The Thief of Joy

Despite what it looks like, I have been writing. Little things here and there. A poem, a sentence, 1,000 words, a revision, a post-it, a half-essay, an email, a note to self in the side of some book. People always ask if I’m getting any writing done. The answer is yes and no. I’m writing. But I’m not getting it done. This could apply to so many things about right now: I’m doing, but not done-ing. And I’m assuming, at one point, to do meant to finish, if to be done comes from the same root as to do.

 

This completion part of my life seemed to stop when I had a child. Process has become so much more actual than a finished product, maybe because now that I have Zaley, I see that once you think you have a product (a child who sleeps, who eats well, who snuggles, who [fill-in-the-blank]’s) that product changes and you are employing all assets to get back on a track that you know, despite your best efforts at stabilization, will always be changing. It’s not so much that process trumps product, but that product is elusive, uncontrollable. The only way to live is to figure out how, not where.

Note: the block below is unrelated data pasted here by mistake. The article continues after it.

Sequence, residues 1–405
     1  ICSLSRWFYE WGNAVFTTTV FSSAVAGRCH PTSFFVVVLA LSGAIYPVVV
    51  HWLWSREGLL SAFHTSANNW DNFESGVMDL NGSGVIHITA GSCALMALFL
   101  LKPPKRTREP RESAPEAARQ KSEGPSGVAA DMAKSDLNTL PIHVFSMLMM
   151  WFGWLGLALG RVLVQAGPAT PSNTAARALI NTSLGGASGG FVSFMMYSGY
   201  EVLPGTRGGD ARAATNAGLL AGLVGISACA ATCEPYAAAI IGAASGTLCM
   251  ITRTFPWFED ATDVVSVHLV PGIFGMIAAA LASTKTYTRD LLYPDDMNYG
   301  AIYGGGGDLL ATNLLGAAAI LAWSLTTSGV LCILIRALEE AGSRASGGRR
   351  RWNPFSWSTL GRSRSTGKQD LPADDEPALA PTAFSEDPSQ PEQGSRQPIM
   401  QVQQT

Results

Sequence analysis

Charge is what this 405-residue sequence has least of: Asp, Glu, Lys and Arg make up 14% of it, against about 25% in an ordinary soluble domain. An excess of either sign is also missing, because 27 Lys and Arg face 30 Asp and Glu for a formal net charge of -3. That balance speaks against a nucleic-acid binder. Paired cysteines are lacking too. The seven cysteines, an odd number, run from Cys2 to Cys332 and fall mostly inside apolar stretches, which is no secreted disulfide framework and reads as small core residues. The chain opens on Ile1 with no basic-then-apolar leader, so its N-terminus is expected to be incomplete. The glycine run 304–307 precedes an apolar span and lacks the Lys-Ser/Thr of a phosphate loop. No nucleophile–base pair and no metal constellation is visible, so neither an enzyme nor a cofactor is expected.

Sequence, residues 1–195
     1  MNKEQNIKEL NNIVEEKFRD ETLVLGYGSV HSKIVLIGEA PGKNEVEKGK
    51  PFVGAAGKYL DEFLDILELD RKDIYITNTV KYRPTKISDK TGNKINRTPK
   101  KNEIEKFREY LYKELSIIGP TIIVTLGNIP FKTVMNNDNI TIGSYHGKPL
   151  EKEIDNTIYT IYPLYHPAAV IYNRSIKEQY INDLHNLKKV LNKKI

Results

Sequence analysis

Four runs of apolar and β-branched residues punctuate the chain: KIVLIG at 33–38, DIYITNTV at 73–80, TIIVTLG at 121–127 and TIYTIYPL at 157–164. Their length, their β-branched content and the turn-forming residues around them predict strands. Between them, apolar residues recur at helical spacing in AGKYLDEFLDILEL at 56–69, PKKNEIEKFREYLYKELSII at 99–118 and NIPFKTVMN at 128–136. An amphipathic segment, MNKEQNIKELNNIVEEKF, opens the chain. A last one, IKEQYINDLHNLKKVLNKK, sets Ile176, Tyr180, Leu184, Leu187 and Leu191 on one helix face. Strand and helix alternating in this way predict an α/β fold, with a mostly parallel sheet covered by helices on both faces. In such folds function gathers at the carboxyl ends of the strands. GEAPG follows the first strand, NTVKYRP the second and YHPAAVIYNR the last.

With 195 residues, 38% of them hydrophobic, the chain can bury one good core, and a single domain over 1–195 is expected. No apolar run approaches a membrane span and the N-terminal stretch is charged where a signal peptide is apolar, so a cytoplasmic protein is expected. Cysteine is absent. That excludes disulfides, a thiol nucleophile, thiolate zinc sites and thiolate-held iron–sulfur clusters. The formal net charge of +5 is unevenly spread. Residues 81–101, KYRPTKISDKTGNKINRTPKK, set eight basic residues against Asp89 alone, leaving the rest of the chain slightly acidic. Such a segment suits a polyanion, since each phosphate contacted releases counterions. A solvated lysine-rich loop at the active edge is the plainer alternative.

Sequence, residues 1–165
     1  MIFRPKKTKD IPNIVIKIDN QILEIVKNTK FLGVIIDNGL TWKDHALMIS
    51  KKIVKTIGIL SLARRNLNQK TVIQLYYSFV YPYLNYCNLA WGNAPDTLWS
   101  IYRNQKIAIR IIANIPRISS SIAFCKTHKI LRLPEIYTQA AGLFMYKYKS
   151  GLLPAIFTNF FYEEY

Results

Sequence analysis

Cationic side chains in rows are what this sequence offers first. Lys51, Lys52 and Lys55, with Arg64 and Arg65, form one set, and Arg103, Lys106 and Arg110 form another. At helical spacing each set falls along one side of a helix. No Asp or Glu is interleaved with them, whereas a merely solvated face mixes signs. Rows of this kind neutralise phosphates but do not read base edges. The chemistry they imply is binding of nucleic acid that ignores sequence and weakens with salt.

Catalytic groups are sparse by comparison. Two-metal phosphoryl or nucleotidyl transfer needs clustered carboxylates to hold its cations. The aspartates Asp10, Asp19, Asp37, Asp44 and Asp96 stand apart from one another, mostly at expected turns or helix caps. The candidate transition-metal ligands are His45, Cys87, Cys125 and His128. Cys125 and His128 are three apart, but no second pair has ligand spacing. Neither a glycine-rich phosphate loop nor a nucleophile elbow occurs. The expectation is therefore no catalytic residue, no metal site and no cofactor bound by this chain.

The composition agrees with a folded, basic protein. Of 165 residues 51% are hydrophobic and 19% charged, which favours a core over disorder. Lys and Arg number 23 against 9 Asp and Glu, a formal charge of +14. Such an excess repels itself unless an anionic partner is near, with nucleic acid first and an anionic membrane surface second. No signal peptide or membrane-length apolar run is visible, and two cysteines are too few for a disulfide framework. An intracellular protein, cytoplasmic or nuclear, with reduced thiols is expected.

A lesson, in Alaska, I am definitely still learning.

 

There has been heavy rain three days this week, which makes me tell Luke things like “your career has ruined my life.” Zaley has learned to say outside ("ahh-sad"…fittingly, on days like today) even when it will soak her and she will have no fun. “No fun,” I say, when the rain is coming off the roof and off the big lettuce leaves and off the edges of the car doors when I open them, and yet, I am wrong: she does has fun. She swings in the rain, squeals in the rain, and there is no end to her delight in a playground puddle and her pair of tiny Xtra Tuffs. I think one of the huge benefits of raising her here in the summertime is that she won’t have the other summer of down south to compare to this. As my friend Lisa said to me, quoting Teddy Roosevelt: “Comparison is the thief of joy.”

I realize, while watching Z, that getting things done might be that same kind of thief. Up here, at least, those joy-robbers have got nothing on us.